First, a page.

Tuesday, February 27, 2007

Turning Back the Clock to Hickory Shafted Golf Clubs

Modern golf equipment has experienced a constant technological march forward. More distance, more power, more accuracy. With 460cc titanium drivers, cavity back irons, space age graphite shafts and high tech putters, golfers are constantly searching for the Holy Grail of equipment.

At the same time, there seems to be a movement away from scoring low with the latest equipment, to the more ethereal 1920s when mashies, guttta-percha balls and cool clothes were all the rage. Players are donning knickers, finding hickory shafted collectibles and entering tournaments like the 3rd Annual World Hickory Open at Craigielaw Golf Club in Aberlady, Scotland and the 10th Annual National Hickory Championship at Oakhurst Links in West Virginia.

Yet, finding authentic 1920s-era equipment and using it on the course requires scouring antique shops, flea markets and grandpa’s attic and that doesn't guarantee you'll find anything worth playing with. For those ready to go all out for a complete set of "retro" clubs you can pick up a circa 1930 Bobby Jones Replica Set offered by Golf Links for a mere $3995.

A new company, hoping to take advantage of the surge in "retro" golf is Sweet Wood Golf Company based in Maryland. They have introduced their first hickory shafted putters called "Brunette", "Red Head" and "Blonde", not because they have pictures of women on the soleplate, but because of the stain color on the hickory used in their shafts. They expect this line to retail for $135. A bargain in comparison to some of the fancy high tech putters currently on the market.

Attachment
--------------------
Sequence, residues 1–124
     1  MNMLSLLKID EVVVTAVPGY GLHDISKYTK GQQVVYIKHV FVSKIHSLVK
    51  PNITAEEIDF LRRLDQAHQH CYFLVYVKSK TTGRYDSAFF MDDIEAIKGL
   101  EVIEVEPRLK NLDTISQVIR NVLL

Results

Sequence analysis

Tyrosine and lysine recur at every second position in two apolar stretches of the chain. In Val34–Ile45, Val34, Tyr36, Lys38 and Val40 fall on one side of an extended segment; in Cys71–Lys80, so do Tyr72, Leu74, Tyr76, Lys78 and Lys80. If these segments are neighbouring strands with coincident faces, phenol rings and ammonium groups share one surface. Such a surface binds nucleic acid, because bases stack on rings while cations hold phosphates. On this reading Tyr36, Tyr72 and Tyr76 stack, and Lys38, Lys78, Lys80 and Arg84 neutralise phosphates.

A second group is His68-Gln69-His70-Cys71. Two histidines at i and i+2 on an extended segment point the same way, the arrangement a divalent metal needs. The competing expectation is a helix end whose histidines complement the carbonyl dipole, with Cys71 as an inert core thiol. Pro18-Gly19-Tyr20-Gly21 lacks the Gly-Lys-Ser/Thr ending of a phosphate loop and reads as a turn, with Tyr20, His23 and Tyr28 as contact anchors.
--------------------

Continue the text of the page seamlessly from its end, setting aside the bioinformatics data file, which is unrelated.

Since 1974 there has really only been one company that dominates the "semi-retro" space in golf equipment and that is Louisville Golf. They have been making persimmon drivers and putters all that time and have seen the ups and downs of being a unique golf club manufacturer, but they only take the "retro" movement so far. Their heads are wood, but their shafts are modern steel and graphite. Their prices are modern too.

Another option might be playing with irons fitted with hickory shafts. Sweet Wood Golf Company expects to introduce their Modern-Day Hickory Irons that will have 8210 soft carbon steel iron heads, modern loft/lie angles, USA turned hickory shafts and PGA Tour certified slip on leather grips for the expected market price of around $1800.

It remains to be seen if hickory-shafted golf clubs take off, but if you are a "retro" fan and think that the authenticity of the equipment you play is as important as the game, then modern day golf equipment has nothing over niblicks, brassies and hickory shafts.

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Friday, February 23, 2007

Why Can't There be a Double Standard in Golf?

The official keepers of the Rules of Golf are The United States Golf Association (USGA) for the United States and the Royal and Ancient Golf Club of St Andrews in Europe. Periodically they come out with ways to make the game more frustrating.

The latest is a potential rule change for the grooves on the face of an iron clubhead. The Royal and Ancient takes issue with U-grooves, which according to an article in the Scotsman, "the combination of U-grooves and thin covered balls have enabled elite players to spin approach shots from the rough - thereby minimizing the importance of driving accuracy in the modern game."